JOE BONAMASSA The Ballad Of John Henry Provogue (2009)
No sooner has the latest Joe Bonamasa wave passed over us in the form of a celebratory live album 'Live From Nowhere in Particular', then lo and behold we have another stellar studio album. Clearly this guitar hero and leader of the new vanguard of rock-blues is not hanging around.
For while there have been a number of false dawns in the shape of Johnny Lang and Kenny Wayne Shepherd, both of whom have had to rebuild their careers, Joe seems to have the chops, the sense of place and a truckful of songs to back up the burgeoning fan and media interest in his take on the rebirth of rock-blues.
In many ways 'The Ballad of John Henry's is a perfect summation of the strengths of Joe's style. On the title track he's evoking the mythical working class blues hero of John Henry while on 'Last Kiss' he's bringing a riff driven piece way down to a quietly voiced acoustic outro.
Everything on this album has its place, even when he transforms Tom Waits's 'Jockey Full of Bourbon' from its Latino percussive groove and characteristic Waits growl to an altogether tougher guitar driven arrangement. Just for good measure Joe also delivers one of his very best vocal lines on this imaginative cover.
On both the soulful 'Stop' and the self evidently titled 'Funkier than a Mosquito's Tweeter' there's an additional horn arrangement to supplement some beefy toned solos, while the horns employ an altogether more sonorous feel on the 'The Great Flood'. The latter is a heavy duty slow burning blues with an unexpected additional sax/guitar conversation as Joe deftly delivers his most expressive notes.
'The Ballad of John Henry' is Joe's most important album, not just as a measure of the startling career development over the last 5 years, but simply as a window on the direction in which he is currently taking the blues. And if that really is the question to be asked of all blues practitioners, then this album answers in the best way possible offering a palette of differing hues and colours.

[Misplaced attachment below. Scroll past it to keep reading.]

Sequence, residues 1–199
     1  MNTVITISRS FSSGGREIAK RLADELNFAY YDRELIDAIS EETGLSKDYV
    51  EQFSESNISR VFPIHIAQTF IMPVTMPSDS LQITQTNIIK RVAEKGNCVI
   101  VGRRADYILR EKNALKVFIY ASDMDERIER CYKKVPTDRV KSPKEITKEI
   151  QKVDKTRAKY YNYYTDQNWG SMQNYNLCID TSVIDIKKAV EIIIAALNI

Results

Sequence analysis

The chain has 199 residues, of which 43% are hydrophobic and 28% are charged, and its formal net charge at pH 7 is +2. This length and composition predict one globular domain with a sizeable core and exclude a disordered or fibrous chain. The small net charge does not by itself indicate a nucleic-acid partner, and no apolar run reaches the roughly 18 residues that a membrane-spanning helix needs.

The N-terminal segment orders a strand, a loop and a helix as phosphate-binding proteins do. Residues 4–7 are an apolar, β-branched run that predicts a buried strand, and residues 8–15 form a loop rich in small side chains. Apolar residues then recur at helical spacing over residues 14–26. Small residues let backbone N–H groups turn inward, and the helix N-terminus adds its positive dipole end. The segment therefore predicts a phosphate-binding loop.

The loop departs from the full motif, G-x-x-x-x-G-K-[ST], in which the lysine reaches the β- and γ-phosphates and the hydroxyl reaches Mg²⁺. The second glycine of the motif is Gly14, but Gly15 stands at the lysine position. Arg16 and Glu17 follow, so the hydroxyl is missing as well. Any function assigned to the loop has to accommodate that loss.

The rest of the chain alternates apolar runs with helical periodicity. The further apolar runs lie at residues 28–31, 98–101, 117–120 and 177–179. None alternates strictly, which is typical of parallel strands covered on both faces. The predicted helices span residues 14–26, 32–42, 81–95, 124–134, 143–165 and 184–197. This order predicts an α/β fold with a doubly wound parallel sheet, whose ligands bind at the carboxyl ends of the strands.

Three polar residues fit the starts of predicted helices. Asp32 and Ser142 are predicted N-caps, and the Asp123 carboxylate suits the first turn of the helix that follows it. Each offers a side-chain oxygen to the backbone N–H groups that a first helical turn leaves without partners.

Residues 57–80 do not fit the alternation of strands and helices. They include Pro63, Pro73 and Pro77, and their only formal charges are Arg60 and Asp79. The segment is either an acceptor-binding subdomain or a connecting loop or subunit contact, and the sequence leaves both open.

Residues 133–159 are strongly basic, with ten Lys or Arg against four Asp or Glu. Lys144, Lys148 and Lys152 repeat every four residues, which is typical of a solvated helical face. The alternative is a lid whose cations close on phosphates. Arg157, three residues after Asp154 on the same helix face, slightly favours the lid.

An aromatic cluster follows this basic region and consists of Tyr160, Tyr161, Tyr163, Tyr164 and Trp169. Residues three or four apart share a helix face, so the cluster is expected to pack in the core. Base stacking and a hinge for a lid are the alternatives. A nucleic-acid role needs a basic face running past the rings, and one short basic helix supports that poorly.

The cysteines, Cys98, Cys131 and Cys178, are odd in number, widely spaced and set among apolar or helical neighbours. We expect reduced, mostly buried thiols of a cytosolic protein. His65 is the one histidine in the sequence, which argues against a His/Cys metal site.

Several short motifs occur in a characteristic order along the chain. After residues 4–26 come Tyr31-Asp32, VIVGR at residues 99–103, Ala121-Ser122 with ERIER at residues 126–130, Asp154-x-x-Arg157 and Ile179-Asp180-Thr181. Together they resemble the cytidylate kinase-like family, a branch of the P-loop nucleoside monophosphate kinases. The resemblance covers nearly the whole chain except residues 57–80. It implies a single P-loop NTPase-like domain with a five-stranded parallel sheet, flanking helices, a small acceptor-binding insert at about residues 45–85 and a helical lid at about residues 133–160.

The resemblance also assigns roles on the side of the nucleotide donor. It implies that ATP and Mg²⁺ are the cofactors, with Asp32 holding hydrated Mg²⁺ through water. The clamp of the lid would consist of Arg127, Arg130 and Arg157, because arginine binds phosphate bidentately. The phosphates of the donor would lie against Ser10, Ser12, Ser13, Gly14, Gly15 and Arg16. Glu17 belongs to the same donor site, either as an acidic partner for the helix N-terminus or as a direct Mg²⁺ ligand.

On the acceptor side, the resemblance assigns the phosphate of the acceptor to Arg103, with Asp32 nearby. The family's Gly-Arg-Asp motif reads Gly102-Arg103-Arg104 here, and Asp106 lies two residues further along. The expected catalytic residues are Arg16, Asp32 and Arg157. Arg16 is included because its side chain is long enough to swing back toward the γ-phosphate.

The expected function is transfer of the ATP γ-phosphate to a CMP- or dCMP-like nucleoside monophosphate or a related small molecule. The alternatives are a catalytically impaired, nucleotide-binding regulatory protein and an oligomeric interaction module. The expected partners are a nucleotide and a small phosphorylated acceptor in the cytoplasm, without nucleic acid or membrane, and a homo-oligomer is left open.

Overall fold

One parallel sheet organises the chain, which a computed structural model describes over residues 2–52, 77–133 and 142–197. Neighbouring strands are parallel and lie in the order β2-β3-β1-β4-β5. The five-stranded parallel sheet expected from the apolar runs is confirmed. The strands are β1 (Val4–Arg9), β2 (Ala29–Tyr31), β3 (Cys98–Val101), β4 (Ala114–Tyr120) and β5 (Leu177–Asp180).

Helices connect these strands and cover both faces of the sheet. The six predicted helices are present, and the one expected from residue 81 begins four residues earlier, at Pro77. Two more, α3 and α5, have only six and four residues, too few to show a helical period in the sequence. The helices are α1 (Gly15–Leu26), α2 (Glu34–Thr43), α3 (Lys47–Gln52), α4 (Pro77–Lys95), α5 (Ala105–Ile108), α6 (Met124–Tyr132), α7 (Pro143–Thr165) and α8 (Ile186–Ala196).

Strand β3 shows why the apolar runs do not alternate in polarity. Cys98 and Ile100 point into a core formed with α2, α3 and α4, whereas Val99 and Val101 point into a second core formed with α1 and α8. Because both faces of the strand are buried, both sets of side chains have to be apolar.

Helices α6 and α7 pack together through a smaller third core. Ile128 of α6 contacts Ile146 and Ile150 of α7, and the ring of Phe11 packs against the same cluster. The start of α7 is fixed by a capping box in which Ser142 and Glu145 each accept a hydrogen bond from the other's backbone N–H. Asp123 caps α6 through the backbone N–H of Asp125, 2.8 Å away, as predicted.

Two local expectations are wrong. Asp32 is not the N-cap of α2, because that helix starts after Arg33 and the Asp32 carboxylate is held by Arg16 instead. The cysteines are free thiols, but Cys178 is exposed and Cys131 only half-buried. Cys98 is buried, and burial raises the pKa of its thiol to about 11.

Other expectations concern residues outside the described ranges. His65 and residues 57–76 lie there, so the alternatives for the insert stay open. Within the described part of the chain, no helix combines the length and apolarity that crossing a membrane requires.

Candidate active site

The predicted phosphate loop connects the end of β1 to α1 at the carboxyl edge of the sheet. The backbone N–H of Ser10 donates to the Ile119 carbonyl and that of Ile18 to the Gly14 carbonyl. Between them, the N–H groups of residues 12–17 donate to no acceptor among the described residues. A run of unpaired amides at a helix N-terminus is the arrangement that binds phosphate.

Joe may have temporarily settled for a tough riff driven approach but that will surely please the majority of his fans who have been inexorably drawn to his 'straight to the vein' guitar work and heavily fashioned early 70s's rock-blues style. There's still an occasional hint of Zeppelin in the production, particularly on the title track which mirrors the best moments of 'Sloe Gin', but 'John Henry' is an altogether heavier affair than its studio predecessor as evidenced by the rock solid riffs of 'Story of A Quarryman'.
If anything 'The Ballad of John Henry' is a tad more one dimensional and less spontaneous than 'Sloe Gin', if only because the former started out as an acoustic effort before finding weightier content via a beefed up production. And yet although the focus is more on the guitar and waves of powerful riffs, one of the best moments on the album is the lighter and more melodic blues of 'Happier Times'. The song bides its time with a lovely groove punctuated by some muscular drums before Joe combines both the acoustic and then the electric on some upper register searing notes.
The following slide led 'Feelin' Good', is equally impressive being the result of what sounds like three separate guitar lines, all building to a portentous climax.
'The Ballad of John Henry' triumphs simply because the material flows so well and the stylistic diversity ultimately finds a sense of equilibrium grounded in Joe's intense playing style.
It would after all be difficult for Joe to engage in such a meandering slow blues as 'The Great Flood' for example, without the energetic stuff that has gone before. Similarly the introspective, almost eastern meditative feel of the brief 'From the Valley' works perfectly as a conduit to the closing 'As the Crow Flies'. The feverish playing and neatly distorted guitar tone is the perfect finish to an innovative album.
Where at the beginning of his career 'A New Day Yesterday' announced a new talent, 'The Ballad of John Henry' suggests we are now way beyond confirming that potential and Joe is now pushing the envelope in different directions, all uniquely marked as Joe Bonamassa.
Review by Pete Feenstra
***** Out of this world | **** Pretty
damn fine |
*** OK, approach with caution unless you are a fan |
** Instant bargain bin fodder | * Ugly. Just ugly
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